How decriminalizing sex work became a campaign issue in 2018
Melissa Gira Grant Sep 07, 2018
Julia Salazar speaks to canvassers in August.
Melissa Gira Grant/Anagraph
“What is sex work?”
That was the question sex worker rights activists were expecting to hear often as they canvassed Brooklyn voters one drizzly August Sunday. At a gathering of about two dozen canvassers in a Williamsburg park, after the pizza and before knocking on doors, the activists circled under some trees to talk through how to answer that question. It was the first time this group had canvassed voters on sex workers’ rights, to talk with voters about the enforcement of prostitution laws, like anti-loitering policing that targets women of color and raids on massage businesses predominantly staffed by immigrants. It was the first time these activists had a candidate they could canvass on these issues for.
Julia Salazar, who is running for a New York state Senate seat representing north Brooklyn, arrived a few minutes later to send them off. She said sex workers—“my constituents”—are disproportionately criminalized in her district. Bushwick, for example, was among the top five New York City neighborhoods where police made “loitering for prostitution” arrests as of 2015. She referenced the Brooklyn courts, where 94 percent of those facing loitering for prostitution charges were Black. “That should disturb all of us,” she said.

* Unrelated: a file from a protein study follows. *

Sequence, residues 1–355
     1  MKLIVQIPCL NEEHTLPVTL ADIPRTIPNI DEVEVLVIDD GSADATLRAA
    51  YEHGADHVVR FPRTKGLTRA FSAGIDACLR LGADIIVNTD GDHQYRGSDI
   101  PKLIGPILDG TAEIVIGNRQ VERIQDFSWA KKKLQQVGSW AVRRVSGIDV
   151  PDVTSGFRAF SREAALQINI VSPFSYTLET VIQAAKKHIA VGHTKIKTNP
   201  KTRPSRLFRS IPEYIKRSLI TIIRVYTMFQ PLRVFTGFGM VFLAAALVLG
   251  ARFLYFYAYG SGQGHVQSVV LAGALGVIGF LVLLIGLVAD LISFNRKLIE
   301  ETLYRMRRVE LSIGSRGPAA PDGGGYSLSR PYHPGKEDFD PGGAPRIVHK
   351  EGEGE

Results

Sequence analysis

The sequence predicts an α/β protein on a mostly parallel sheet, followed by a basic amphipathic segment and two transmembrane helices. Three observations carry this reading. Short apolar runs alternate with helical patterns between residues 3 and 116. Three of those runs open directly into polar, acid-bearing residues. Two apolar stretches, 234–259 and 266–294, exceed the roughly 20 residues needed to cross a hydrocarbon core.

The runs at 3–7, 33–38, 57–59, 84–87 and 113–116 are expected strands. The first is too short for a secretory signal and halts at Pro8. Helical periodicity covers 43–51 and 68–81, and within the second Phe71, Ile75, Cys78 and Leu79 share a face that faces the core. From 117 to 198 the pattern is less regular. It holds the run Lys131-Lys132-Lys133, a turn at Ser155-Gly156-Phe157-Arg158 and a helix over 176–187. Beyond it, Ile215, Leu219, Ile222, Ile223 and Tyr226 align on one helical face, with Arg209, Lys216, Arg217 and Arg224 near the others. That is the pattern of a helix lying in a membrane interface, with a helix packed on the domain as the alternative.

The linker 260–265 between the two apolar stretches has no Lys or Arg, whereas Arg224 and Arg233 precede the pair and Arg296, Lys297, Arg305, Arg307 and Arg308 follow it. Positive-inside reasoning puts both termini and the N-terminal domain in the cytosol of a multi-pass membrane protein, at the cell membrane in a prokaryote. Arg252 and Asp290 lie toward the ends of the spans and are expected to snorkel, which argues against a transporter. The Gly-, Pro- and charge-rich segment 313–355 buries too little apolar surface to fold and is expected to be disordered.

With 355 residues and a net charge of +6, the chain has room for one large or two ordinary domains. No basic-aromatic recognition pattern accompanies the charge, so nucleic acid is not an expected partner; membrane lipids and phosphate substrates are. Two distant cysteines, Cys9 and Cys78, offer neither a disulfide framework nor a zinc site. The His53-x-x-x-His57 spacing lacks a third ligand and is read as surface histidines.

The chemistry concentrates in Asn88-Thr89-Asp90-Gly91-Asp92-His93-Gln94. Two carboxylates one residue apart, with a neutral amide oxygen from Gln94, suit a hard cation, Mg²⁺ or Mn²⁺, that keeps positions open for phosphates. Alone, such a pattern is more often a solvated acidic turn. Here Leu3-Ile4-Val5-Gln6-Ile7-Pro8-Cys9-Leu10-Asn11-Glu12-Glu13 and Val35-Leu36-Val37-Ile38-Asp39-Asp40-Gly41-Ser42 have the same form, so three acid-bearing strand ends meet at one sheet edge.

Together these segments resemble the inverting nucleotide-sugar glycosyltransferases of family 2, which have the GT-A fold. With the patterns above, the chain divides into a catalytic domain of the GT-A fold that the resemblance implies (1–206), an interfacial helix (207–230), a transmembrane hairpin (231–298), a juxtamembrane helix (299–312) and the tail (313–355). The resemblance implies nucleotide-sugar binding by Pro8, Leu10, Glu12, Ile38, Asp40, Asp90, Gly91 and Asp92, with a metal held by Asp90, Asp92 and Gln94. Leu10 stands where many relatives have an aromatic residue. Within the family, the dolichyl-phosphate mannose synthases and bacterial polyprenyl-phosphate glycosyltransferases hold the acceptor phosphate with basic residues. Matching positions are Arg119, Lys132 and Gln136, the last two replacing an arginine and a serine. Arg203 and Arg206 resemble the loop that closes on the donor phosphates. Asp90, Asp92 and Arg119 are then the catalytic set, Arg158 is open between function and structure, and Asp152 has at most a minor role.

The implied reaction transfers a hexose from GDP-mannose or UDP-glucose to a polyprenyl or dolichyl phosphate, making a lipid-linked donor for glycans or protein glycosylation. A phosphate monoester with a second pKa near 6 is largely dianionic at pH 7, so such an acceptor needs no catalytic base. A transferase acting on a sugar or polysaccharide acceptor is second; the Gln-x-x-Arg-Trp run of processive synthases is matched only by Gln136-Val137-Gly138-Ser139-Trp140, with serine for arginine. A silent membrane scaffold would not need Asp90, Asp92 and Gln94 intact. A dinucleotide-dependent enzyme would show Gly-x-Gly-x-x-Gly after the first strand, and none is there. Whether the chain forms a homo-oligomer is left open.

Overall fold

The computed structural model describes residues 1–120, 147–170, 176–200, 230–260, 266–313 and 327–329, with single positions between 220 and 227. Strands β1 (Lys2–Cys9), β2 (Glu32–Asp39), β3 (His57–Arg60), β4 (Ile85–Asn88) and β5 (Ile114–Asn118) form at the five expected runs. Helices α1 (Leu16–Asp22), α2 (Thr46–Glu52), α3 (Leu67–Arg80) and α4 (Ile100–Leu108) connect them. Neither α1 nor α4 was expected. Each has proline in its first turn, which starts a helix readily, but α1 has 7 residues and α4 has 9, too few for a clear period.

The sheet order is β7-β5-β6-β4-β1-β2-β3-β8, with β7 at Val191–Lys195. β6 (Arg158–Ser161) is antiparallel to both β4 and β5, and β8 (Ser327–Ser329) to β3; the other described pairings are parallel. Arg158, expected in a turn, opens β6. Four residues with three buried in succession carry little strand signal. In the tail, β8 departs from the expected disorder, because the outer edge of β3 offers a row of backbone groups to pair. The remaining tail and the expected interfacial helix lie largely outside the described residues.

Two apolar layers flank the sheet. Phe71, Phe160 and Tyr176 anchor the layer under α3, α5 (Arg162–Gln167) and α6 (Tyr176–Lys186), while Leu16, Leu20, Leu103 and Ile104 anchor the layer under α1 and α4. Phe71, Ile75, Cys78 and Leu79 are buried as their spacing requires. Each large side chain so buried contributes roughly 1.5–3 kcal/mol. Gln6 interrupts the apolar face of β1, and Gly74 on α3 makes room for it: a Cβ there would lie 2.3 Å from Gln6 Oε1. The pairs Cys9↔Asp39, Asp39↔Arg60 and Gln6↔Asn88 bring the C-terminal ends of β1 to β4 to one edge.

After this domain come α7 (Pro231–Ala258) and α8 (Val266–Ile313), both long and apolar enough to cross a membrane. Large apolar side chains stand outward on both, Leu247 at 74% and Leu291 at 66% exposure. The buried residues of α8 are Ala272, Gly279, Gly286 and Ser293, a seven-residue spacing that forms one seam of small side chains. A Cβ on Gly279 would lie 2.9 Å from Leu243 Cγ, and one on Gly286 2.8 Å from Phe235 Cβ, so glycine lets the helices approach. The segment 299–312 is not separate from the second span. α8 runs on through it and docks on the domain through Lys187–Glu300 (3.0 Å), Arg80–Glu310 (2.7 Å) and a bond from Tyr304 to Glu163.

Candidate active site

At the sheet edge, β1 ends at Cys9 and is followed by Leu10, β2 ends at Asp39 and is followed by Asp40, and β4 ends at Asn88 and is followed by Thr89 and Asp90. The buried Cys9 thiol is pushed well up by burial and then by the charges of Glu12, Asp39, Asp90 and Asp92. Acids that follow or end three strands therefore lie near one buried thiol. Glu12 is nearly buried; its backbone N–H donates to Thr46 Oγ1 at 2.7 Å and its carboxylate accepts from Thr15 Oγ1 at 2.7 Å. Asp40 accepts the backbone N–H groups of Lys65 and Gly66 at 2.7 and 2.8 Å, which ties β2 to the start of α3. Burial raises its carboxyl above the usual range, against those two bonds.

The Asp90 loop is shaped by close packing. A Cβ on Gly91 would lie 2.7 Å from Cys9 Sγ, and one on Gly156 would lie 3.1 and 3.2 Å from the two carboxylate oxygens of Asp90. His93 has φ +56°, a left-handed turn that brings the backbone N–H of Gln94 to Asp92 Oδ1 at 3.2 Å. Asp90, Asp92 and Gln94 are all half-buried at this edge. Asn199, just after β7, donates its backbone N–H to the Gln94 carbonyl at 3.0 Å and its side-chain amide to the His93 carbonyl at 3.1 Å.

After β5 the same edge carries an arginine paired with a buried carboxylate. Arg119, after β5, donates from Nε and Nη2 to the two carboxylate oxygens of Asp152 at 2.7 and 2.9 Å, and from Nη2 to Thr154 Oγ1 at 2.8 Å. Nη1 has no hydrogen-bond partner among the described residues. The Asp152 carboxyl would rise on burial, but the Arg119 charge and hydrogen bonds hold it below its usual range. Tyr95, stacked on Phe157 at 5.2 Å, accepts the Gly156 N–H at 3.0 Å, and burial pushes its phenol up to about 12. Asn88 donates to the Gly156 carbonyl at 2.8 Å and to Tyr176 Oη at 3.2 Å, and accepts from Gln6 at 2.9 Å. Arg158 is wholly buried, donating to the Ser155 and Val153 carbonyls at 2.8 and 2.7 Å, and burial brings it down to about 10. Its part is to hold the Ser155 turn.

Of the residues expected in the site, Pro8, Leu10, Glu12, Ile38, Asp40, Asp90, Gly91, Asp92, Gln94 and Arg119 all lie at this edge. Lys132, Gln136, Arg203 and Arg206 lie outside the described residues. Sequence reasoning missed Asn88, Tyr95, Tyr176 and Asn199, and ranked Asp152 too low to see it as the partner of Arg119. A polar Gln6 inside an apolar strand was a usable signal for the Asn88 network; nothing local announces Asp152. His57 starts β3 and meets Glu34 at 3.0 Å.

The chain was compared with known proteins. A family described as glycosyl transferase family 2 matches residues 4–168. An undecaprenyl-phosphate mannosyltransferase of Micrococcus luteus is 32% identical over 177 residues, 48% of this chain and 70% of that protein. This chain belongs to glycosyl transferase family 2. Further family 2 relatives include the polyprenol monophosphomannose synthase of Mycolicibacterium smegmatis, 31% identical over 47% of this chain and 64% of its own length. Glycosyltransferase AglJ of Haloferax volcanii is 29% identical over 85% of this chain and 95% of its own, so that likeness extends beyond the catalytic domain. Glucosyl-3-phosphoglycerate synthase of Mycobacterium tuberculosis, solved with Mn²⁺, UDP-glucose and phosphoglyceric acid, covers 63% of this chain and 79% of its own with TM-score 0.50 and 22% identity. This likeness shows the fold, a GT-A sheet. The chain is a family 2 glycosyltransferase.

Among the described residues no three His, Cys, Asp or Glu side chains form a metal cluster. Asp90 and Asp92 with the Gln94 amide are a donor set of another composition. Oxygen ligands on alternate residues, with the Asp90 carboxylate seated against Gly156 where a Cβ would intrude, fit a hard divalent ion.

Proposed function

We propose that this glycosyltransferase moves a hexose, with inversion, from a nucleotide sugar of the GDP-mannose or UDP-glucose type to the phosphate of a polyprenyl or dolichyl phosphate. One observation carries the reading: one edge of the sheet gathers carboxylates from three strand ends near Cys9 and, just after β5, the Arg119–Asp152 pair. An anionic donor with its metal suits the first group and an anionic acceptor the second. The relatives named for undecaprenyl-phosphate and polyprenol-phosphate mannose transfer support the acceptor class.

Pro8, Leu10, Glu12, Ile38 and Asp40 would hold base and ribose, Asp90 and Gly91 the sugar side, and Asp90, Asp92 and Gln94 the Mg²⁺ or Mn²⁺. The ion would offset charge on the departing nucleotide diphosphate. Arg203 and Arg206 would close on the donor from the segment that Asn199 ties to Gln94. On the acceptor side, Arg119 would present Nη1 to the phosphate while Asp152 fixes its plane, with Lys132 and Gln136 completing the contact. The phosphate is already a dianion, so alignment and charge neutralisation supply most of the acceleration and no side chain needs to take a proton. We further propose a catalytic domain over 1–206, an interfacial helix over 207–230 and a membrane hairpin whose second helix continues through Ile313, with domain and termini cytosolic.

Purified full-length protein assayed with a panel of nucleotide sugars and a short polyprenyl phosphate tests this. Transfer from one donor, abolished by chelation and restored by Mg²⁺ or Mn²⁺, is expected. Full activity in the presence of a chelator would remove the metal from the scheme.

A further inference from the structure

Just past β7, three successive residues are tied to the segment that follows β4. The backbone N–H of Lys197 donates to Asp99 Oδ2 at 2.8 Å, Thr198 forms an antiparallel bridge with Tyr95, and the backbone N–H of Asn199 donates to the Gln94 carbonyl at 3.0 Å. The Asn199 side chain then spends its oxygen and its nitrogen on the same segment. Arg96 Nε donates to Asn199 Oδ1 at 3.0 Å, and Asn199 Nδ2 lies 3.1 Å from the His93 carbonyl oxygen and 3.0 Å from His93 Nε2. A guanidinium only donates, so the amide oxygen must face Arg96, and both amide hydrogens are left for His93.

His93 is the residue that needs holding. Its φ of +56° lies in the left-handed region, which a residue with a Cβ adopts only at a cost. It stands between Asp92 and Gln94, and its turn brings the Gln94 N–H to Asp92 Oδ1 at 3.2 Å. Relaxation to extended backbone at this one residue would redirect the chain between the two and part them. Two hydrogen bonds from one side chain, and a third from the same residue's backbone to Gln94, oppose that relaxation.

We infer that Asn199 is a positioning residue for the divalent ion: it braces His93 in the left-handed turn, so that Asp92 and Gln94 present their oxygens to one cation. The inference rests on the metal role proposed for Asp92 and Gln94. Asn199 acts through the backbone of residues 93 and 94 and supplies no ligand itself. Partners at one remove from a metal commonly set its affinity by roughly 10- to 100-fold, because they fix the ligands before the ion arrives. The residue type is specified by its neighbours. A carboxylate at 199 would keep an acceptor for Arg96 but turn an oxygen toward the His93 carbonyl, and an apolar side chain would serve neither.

Salazar argued that sex work policing was a central part of a bigger problem with Brooklyn’s approach to criminal justice. “Criminalizing sex work is a form of broken windows policing,” she said. “We shouldn’t tolerate it when it is used against sex workers.” If police gave out tickets for prostitution-related offenses instead of arresting people, she said, “this would actually go a long way in New York state toward decriminalization—toward full decriminalization.”
But how would she turn campaign promises into actual decriminalization? As Salazar explained in an interview with The Appeal, it will require identifying the issues where there’s a clear legislative path. She also plans to use her role and relationship to the movement to do “comprehensive political education” on sex work—like through Sunday’s canvass. Speaking “boldly and unapologetically” about sex workers’ rights helps destigmatize the issue, Salazar told The Appeal. “I think that is the most powerful work, and also it is the only way that ultimately we achieve legislative solutions as well.” Her campaign has provided a platform for sex workers to do some of that educational work, while offering a template for how the decriminalization fight could play out in other cities and states.
Salazar’s candidacy has been billed as part of a wave of young candidates on the left, many who have unseated veteran incumbent Democrats in their primaries. Her campaign has also generated intense scrutiny, with multiple news articles on her personal religious background, her political evolution, and most recently, allegations that in 2010 she stole from Mets player Keith Hernandez’s wife at the time. Police did not move forward with those charges, and Salazar received a settlement in a defamation lawsuit.